Dr. William Lawrence, a Professor of Political Science and International Affairs at American University, maintains that Algeria’s relations with the Gulf in general has suffered from the GCC crisis, even if the Arabian feud has not impacted Algeria in any major ways, at least compared to neighboring countries like Libya. Since mid-2017, Algeria had to “transition from dealing with a growing, relatively united, and economically robust Gulf, to a Gulf region in which outside states had to choose between one country or another. This has been further compounded by the COVID-19 economic contraction.”
In maintaining neutrality vis-à-vis the Gulf crisis, Algeria has faced some problems. For neutral states such as Algeria, the feud “strained relations with all the Gulf countries because they weren’t picking sides,” as Dr. Lawrence explained. This had repercussions for Algeria’s foreign policy in relation to Libya, Syria, Yemen, and others on the international stage. Given its long border with Algeria, Libya’s civil war amounts to the Middle East’s cold war landing on Algeria’s doorstep. Thus, the outcome of this nightmarish conflict is extremely important to Algiers.
When Your Neighbor is on Fire: War in Libya
In Libya, where a civil war has been raging since 2014, Algeria is also keen to maintain a certain balance that is consistent with the Maghrebi country’s ideology and historic foreign-policy traditions. Algiers fears how certain actors—chiefly Turkey and the UAE—are pursuing regional hegemonic ambitions by intervening in Libya.
Algeria and Turkey share an interest in the UN-recognized Government of National Accord (GNA) not falling to General Khalifa Haftar’s forces. Consequently, Algiers initially had some sympathy for Ankara’s militarized agenda in Libya soon after Turkish military intervention began intensifying in late 2019. Nonetheless, Algeria has grown more fearful of Turkey’s “neo-Ottoman” agenda in Libya and concerned about the Turkish military presence stretching further throughout its neighbour. “[Officials in Algiers] are wary of Turkey establishing a permanent presence in Libya, and Ankara’s presence in the Al Wuttya airbase, near the border with Algeria, is a source of concern… they fear a new military escalation in central Libya,” explained Fabiani.
That said, some experts argue that while Algeria is opposed to all foreign powers’ military intervention in Libya, Algiers is more against the UAE’s and (potentially) Egypt’s interventions than Turkey’s. According to Dr. Lawrence, this has to do with the fact that Algeria ranks its threat perceptions in the following order: 1) Global terrorist and criminal groups such as Islamic State franchises in the Sahel and al-Qaeda in Islamic Maghreb; 2) Morocco; 3) France; 4) Any actor aligned with France, including Egypt, Haftar, and the UAE; and 5) Turkey.
Moreover, in light of Egyptian President Abdel Fatah el-Sisi’s talk about Sirte being Cairo’s “red line” and his threats to unleash an Egyptian military intervention to push back against Turkish-backed, GNA-allied militias, Algeria has been deeply concerned. This is largely due to North Africa’s balance of power possibly shifting in ways that would undermine Algerian interests. Fabiani said that “Algeria fears an Egyptian intervention, which could eliminate that sort of ‘buffer’ that has traditionally separated these two regional heavyweights for decades.”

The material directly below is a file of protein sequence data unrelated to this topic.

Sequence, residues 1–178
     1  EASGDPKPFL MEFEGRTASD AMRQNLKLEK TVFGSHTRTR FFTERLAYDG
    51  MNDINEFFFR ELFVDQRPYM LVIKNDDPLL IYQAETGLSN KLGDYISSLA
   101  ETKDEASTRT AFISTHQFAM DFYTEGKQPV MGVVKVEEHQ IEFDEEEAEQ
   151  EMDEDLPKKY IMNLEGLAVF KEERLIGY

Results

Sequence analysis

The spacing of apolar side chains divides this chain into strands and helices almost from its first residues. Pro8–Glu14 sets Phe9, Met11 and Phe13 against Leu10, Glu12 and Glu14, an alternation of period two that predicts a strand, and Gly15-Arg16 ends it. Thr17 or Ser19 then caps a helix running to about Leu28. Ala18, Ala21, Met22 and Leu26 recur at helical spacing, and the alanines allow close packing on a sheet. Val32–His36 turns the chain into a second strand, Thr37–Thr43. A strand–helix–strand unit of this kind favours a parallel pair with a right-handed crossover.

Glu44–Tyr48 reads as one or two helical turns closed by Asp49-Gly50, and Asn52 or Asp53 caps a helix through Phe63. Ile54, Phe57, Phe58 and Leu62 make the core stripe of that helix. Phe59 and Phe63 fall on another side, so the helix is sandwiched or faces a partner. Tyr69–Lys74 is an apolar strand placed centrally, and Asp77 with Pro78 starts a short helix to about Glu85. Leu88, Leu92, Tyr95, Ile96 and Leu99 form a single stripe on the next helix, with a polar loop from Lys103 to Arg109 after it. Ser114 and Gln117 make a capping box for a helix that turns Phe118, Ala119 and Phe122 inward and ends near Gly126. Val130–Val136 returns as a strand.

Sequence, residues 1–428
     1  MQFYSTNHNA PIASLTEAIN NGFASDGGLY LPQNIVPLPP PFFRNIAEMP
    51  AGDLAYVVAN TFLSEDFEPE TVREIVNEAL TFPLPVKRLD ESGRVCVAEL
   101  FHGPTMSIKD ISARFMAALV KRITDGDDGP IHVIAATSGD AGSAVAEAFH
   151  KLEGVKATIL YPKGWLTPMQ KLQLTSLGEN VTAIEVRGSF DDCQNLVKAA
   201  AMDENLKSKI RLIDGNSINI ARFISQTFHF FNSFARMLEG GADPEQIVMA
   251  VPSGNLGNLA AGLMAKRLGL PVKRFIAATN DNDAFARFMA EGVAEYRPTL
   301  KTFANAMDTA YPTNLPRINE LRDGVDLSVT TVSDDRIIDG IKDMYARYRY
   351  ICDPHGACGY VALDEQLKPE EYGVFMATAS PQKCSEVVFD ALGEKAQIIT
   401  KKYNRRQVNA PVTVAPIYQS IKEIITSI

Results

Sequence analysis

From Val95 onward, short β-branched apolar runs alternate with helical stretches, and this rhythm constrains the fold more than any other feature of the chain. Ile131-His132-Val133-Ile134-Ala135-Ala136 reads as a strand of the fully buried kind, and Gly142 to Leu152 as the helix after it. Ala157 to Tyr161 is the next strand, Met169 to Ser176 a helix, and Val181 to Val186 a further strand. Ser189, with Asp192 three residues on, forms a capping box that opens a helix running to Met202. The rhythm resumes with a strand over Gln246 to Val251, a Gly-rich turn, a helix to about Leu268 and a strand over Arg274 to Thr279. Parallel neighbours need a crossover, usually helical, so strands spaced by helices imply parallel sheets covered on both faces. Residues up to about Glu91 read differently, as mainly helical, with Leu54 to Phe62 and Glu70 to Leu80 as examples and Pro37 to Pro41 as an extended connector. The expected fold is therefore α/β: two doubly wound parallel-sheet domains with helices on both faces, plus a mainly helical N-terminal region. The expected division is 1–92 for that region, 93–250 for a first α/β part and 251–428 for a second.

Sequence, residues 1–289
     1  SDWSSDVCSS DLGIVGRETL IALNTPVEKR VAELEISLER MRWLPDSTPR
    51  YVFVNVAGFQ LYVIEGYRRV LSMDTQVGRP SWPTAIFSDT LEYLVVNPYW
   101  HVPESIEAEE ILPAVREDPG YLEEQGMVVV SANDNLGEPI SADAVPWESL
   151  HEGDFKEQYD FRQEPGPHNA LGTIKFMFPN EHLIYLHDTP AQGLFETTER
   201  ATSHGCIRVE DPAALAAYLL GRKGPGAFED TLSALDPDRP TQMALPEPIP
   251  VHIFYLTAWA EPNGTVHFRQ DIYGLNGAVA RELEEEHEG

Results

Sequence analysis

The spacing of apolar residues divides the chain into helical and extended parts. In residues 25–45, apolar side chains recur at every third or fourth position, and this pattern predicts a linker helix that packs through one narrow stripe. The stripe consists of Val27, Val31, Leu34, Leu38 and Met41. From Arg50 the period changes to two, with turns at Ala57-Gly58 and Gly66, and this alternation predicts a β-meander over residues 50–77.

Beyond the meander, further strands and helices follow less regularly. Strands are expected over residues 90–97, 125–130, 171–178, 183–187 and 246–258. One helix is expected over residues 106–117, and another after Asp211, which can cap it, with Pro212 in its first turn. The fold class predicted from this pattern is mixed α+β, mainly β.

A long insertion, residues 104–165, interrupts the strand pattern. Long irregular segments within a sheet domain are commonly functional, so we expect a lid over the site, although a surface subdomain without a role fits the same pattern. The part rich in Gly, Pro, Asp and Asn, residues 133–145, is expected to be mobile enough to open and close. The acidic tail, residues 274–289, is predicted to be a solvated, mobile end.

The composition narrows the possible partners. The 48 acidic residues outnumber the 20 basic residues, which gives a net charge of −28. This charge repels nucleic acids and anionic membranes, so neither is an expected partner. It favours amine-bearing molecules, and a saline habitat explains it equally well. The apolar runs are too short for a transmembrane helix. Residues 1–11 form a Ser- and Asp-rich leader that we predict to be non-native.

The 64,000-dollar question pertains to a debate taking place within Algeria today about whether the government should have the constitutional right to deploy national armed forces outside its borders. This is an intense debate going on between elite figures as well as citizens throughout society. That this question is so controversial speaks volumes about the extent to which Algerians adhere to the sovereigntist governance ideology but also, more practically, the real threat that continuation of the Libyan civil war poses to Algeria’s national security.
An Arab Outlier
In the Arab League, Algeria is an outlier. Globally, the country is a geopolitical rarity. While many Arab states with hegemonic aspirations operate in certain ways that Algeria never would, the Algerians have proven adept at sticking to well-articulated international positions with firm sensibilities that shape Algiers’s geo-strategic thinking.
Over many decades, international dynamics have changed, such as the Soviet Union’s collapse and the end of the Cold War in 1991, the terrorist attacks of September 2001, and the “Arab Spring” a decade later. Yet Algeria did not change its principles even as many other Arab states did so, either opportunistically or from positions of weakness. In today’s rapidly changing world, and in a Middle East that’s growing increasingly polarized, Algeria’s foreign policy vision remains clear, principled, and ideologically coherent.
Giorgio Cafiero (@GiorgioCafiero) is the CEO of Gulf State Analytics (@GulfStateAnalyt), a Washington, DC-based geopolitical risk consultancy.
Aicha El Alaoui is an intern at Gulf State Analytics.
Published at Sat, 17 Oct 2020 04:01:46 +0000